Setting up a family trust is a task that should be attended to with utmost care, careful planning and understanding of how trusts operate. To add another layer of complication to the mix, in many instances, you’ll find businesses that are structured as a family trust. If you are new to family trust litigation and this is your first time delving into the subject, this is the article for you. Today, we have a look at a beginner’s guide to family trust litigation and the internal and external legal challenges that one may face along the way. Read on to find out more!
What Is A Family Trust?
We’re going to start with the absolute of basics, which is dissecting exactly what a family trust is. In a nutshell, a family trust is often created to benefit family members and can be made to protect assets, hold family assets, avoid challenges or arguments about a family member’s will and also for tax purposes. Family trusts are a fantastic way to organise your finances and act as a form of protection for beneficiaries who may make hasty and unplanned financial decisions if assets were controlled in their own name.
Why Structure A Business As A Family Trust?
In Australia, establishing a trust is one of the most common ways to run a family business. If a family or family member is looking to build a business that can be passed down from generation to generation, utilising a family trust structure is a reliable and tax-effective solution for those who are aware of the legal technicalities.
According to Tax and Super Australia, any income that has been distributed to beneficiaries from the family business/trust is taxed at the same marginal rate that would apply if the money had been personally earned by the beneficiary. This results in significantly less tax paid overall which is why many family businesses structure themselves as a family trust.
While all this sounds like a great idea, it is very important to pay attention to the fact that trusts can be extremely complex and result in unsavoury consequences if not coordinated properly. This is especially apparent when there is a disagreement amongst members of the family.
Challenges in Family Business
Let’s look at a few scenarios in which a family trust may encounter challenges or be litigated against:
Even though most people don't want to entertain the thought of divorce or separation, it is something that is very important to take into consideration as it can have a huge impact on the family trust. The last thing anyone would want is for an ex-spouse or in-laws to take control over your family business or be on the receiving end of substantial income as a beneficiary of the trust.
A great example of such a situation would be the case of Australian mining heiress Gina Rinehart. Her public dispute with her four children was a classic example of a game of tug of war when it comes to “who gets what”. While your family business and trust may not involve billions of dollars, it is prudent to take into consideration potential disagreements that may occur with third parties in the long run.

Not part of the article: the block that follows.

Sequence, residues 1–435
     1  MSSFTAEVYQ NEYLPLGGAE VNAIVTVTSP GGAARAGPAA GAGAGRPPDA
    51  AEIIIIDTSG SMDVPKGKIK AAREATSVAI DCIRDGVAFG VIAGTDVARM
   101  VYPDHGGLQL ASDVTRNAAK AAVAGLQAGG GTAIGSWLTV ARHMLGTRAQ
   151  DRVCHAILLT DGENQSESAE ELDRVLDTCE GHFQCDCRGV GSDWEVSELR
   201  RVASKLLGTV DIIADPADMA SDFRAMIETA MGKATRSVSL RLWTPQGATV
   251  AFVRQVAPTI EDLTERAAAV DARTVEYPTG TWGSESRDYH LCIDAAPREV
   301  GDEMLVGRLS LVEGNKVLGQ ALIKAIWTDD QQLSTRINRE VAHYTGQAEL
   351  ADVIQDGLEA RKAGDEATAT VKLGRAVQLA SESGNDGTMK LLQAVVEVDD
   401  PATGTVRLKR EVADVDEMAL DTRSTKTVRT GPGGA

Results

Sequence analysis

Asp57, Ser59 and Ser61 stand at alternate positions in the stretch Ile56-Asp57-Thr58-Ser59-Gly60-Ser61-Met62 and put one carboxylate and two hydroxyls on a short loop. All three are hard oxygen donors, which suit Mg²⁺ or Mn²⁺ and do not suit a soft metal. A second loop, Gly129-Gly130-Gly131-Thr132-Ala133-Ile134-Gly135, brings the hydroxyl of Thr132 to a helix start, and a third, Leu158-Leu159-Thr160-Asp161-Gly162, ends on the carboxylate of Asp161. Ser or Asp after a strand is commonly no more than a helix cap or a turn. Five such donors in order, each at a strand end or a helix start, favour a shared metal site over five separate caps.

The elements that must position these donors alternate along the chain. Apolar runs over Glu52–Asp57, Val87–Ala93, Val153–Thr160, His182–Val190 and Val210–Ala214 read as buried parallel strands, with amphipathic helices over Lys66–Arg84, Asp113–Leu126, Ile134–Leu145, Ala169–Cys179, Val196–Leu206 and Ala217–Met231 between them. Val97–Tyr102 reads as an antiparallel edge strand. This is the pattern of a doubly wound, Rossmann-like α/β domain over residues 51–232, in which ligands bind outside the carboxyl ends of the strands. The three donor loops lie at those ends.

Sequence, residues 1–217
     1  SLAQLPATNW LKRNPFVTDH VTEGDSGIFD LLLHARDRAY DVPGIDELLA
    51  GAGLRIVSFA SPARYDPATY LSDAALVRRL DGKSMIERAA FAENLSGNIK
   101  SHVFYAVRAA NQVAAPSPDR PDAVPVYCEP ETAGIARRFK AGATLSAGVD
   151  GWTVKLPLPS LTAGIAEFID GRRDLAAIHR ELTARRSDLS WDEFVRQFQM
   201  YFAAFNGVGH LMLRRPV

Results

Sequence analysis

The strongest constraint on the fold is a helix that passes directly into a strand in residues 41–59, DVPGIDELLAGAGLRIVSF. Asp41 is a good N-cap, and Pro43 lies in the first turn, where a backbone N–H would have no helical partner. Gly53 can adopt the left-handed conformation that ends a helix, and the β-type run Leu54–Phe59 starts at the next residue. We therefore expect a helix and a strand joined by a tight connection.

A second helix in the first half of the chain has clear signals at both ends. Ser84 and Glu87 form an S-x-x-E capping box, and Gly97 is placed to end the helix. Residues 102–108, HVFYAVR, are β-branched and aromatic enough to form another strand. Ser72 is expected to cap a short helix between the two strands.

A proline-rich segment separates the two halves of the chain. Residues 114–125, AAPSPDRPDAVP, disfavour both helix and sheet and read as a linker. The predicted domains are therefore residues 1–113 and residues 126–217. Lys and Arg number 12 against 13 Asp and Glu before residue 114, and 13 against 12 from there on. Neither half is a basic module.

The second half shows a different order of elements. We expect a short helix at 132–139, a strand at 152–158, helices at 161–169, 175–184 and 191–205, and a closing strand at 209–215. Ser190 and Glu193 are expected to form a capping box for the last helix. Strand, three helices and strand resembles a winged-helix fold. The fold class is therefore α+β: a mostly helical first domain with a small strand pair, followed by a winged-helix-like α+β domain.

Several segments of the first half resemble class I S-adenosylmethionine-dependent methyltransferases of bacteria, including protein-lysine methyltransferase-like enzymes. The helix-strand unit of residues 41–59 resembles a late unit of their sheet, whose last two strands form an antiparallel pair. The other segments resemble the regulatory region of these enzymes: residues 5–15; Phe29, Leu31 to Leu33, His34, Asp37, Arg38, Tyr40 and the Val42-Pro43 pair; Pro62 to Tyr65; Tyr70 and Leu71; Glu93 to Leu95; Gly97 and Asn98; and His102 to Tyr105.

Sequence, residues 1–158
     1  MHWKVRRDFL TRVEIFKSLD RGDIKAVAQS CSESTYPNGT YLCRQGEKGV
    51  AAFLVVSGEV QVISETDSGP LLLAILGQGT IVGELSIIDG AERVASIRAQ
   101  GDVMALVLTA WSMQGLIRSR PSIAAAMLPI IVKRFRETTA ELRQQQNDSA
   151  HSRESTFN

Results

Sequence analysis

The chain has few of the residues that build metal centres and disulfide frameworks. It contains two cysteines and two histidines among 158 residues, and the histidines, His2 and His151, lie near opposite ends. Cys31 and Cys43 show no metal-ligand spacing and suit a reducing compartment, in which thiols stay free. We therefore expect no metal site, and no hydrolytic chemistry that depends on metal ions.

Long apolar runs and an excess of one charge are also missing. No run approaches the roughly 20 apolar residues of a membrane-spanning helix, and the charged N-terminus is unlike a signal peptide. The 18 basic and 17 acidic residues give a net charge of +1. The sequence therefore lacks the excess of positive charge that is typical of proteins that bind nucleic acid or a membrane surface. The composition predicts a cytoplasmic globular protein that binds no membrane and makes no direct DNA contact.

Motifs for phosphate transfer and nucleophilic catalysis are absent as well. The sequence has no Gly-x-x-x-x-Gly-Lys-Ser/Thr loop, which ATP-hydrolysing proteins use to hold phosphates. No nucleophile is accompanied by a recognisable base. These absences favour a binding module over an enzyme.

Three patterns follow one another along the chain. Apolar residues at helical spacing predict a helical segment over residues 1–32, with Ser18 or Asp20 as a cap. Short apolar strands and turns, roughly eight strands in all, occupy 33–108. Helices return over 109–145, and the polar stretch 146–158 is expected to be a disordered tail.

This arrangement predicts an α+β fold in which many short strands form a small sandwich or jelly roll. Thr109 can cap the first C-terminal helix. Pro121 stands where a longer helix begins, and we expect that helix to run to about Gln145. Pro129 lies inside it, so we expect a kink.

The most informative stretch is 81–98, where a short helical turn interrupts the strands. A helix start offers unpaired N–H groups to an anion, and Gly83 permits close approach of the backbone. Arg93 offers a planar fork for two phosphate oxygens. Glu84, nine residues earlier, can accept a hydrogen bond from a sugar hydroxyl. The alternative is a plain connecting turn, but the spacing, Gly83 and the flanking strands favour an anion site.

Challenges can arise if there are unequal allocations of income between beneficiaries of a discretionary trust. In situations where one party may expect a higher level of income than another, it is all too easy for mistrust, complications and arguments to ensue. This can be further strained when there is mistrust between beneficiaries and the appointer of the trust. An appointer has the power to remove a trustee and appoint a new one. While it is recommended to have an appointer who can deal with a trustee who is in breach of their obligations, in some instances the appointer can also abuse their power and remove beneficiaries even when there has been no breach of obligations. In such a situation, the trust may encounter challenges or find itself being litigated against.
Navigating these kinds of challenges on your own, so we highly recommend consulting a family law trust expert before tackling any issues.
80 Year Shelf Life
One might think that a family trust is an indefinite part of family security, but did you know that thanks to the “rule against perpetuities”, most trusts only have a shelf-life of 80 years? This can prove to be a challenge as after the 80 year period, the trust will be automatically distributed among beneficiaries. In many cases, this will also trigger a capital gains tax which means that beneficiaries may end up owing a significant amount of money to the federal government.
Naturally, this can cause a great amount of anxiety to beneficiaries who don’t actually have the right to change the vesting date in the trust deed. This can result in arguments, disagreements and overall chaos amongst family members who may have not been around when the trust was initially set up and are now potentially in a situation where they owe the government a hefty amount of money.
We hope that this article has helped you understand some of the challenges that may arise with discretionary trusts or businesses set up under a family trust. However, if you need any assistance or are looking to set up your own family trust, we highly recommend contacting us to enlist the help of one of our experienced lawyers who will be able to guide you through the entire process.